Bob Dylan’s Blonde on Blonde was rock’s first word on double studio albums and for many fans and critics it was the last word as well. There are those who would stand up for different personal favorites, many for the two-baggers released by the other figureheads in the holy trinity of the Sixties. Blonde on Blonde is not as willfully versatile as the Beatles’ “White Album” and it doesn’t rock out as hard as the Stones’ Exile on Main Street. But it does pre-figure the musical stretching-out of the former and nearly matches the grittiness of the latter. What it has over both of them of course are the lyrics. It s no surprise that Dylan, who had already fixed his place as the voice of a generation with socially-conscious anthems like “Blowin’ in the Wind” and “The Times They are A-Changin’,” would release an album that had his followers up into the wee hours trying to interpret every verbose stanza. But even in the wake of two seminal masterworks (Highway 61 Revisited and Bringing it all Back Home) this one stands out as a singular force of nature, the full flowering of his golden era. A severe motorcycle accident, an event whose details are still shrouded in mystery, sidelined Dylan only a few months after BOB’s release in May 1966. When he re-emerged a couple of years later it would be to resume a career that would run pretty much uninterrupted into the 21st century. But although there were to be some highlights to come, Dylan would never again conjure up the untamed genius that informs the music on these four sides.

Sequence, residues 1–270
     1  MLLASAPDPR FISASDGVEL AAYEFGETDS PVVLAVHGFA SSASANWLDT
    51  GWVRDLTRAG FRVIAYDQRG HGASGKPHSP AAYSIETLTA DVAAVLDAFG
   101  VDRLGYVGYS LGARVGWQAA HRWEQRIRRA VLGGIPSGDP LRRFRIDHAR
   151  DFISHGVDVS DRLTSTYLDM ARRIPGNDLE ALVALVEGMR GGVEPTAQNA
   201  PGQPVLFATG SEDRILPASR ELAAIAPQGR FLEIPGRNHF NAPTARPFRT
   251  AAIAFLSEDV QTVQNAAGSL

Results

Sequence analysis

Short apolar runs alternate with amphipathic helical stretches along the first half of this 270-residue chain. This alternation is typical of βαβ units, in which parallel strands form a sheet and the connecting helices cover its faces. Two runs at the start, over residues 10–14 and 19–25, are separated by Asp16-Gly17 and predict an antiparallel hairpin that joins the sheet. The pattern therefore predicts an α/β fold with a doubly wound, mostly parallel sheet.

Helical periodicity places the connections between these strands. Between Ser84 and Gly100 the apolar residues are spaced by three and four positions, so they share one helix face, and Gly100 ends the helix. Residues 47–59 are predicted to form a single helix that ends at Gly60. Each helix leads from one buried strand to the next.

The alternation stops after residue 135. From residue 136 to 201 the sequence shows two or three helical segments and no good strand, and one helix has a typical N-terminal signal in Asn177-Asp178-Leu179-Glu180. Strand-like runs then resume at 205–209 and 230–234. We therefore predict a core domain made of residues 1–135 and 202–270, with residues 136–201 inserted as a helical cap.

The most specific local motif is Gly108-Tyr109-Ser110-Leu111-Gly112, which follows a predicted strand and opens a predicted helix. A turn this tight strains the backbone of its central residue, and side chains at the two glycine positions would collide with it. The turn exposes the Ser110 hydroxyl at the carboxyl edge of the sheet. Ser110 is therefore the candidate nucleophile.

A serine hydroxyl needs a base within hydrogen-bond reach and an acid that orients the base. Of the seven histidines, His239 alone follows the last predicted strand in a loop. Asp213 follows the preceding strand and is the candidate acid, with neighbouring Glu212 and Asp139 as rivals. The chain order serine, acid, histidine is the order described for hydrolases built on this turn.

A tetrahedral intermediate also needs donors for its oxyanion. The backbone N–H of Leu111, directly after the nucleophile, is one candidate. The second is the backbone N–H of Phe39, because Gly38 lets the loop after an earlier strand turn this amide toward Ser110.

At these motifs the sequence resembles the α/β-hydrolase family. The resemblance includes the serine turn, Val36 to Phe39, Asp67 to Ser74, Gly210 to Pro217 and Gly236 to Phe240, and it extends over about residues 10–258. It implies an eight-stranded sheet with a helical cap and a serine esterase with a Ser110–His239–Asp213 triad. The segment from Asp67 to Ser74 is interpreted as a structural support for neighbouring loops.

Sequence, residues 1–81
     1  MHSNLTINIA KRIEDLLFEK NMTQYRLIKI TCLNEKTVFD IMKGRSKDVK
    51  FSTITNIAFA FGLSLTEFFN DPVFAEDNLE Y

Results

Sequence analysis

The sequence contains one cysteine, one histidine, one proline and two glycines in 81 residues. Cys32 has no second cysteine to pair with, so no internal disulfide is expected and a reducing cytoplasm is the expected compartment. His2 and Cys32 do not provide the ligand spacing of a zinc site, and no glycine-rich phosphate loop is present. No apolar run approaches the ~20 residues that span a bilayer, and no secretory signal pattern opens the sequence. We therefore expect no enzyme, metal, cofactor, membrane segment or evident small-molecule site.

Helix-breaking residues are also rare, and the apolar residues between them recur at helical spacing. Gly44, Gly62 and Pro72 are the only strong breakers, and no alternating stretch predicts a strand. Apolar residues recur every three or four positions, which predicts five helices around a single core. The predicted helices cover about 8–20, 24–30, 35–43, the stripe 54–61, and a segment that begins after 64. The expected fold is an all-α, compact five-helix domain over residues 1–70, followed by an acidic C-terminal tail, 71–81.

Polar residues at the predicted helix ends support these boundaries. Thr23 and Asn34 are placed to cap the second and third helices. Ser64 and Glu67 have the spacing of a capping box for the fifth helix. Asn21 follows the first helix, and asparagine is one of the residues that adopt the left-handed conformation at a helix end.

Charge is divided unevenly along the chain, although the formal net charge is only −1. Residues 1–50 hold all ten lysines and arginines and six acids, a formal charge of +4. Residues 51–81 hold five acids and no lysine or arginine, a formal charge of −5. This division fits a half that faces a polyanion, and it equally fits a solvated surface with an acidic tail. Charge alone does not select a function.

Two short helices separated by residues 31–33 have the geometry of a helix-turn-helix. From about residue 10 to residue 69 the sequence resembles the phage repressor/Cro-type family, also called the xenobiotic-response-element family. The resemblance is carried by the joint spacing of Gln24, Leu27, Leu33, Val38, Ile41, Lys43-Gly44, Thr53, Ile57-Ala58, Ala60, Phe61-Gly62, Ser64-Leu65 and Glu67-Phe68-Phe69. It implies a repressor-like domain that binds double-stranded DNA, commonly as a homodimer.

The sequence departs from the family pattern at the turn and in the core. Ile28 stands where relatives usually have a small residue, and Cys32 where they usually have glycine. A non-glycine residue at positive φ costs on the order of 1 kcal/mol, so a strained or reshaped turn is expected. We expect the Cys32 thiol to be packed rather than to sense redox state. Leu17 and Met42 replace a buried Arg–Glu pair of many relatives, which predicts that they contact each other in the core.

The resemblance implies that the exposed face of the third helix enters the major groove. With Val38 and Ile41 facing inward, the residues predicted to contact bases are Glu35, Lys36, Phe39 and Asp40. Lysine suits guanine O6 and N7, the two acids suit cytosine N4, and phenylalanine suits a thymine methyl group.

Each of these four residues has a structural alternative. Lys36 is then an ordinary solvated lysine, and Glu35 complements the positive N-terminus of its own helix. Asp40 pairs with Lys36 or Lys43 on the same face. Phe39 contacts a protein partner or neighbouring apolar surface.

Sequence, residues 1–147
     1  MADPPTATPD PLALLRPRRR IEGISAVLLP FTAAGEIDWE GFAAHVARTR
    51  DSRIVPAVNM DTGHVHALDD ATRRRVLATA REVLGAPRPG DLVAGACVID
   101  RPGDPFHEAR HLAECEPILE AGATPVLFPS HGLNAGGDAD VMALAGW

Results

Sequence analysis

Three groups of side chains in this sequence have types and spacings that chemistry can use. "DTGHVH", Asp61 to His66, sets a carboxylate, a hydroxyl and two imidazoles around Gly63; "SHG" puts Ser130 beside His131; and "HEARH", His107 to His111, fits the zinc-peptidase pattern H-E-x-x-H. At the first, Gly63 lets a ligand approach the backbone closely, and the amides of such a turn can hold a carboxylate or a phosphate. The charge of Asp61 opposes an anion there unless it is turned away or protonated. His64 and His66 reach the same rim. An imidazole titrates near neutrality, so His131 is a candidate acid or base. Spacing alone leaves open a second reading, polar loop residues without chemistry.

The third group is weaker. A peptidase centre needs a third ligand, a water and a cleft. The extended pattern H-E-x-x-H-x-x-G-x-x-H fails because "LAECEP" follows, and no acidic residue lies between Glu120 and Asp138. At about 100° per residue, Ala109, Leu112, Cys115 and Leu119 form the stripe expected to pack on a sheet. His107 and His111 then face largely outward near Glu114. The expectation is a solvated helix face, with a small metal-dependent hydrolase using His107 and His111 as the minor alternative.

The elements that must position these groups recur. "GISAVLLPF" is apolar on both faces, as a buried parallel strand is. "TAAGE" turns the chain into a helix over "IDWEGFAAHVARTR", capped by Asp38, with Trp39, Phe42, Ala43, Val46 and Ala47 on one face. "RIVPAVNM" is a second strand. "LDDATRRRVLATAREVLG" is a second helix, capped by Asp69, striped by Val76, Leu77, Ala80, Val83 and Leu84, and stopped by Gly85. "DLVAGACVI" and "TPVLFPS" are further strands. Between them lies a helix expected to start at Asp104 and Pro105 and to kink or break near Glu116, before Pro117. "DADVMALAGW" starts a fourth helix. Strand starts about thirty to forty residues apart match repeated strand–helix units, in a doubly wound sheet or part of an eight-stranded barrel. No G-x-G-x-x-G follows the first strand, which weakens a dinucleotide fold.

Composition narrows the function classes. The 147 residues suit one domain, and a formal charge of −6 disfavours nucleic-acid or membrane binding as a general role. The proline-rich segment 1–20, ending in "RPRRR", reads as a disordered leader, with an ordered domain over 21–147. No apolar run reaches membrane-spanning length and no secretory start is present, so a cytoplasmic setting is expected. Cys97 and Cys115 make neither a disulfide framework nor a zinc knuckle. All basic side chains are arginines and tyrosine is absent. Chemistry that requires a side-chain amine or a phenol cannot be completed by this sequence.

“Let’s try and get one in focus, shall we?”